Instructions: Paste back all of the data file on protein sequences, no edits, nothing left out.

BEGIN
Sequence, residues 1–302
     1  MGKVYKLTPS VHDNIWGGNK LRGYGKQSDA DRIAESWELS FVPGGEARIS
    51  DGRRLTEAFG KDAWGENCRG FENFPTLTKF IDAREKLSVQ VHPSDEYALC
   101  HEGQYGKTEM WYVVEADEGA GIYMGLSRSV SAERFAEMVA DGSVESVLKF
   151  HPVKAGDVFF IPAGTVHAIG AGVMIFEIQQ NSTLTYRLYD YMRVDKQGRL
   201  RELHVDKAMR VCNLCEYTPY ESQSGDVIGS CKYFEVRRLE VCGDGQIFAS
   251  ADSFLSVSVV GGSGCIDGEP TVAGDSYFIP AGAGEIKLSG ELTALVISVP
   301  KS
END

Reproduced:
Sequence, residues 1–302
     1  MGKVYKLTPS VHDNIWGGNK LRGYGKQSDA DRIAESWELS FVPGGEARIS
    51  DGRRLTEAFG KDAWGENCRG FENFPTLTKF IDAREKLSVQ VHPSDEYALC
   101  HEGQYGKTEM WYVVEADEGA GIYMGLSRSV SAERFAEMVA DGSVESVLKF
   151  HPVKAGDVFF IPAGTVHAIG AGVMIFEIQQ NSTLTYRLYD YMRVDKQGRL
   201  RELHVDKAMR VCNLCEYTPY ESQSGDVIGS CKYFEVRRLE VCGDGQIFAS
   251  ADSFLSVSVV GGSGCIDGEP TVAGDSYFIP AGAGEIKLSG ELTALVISVP
   301  KS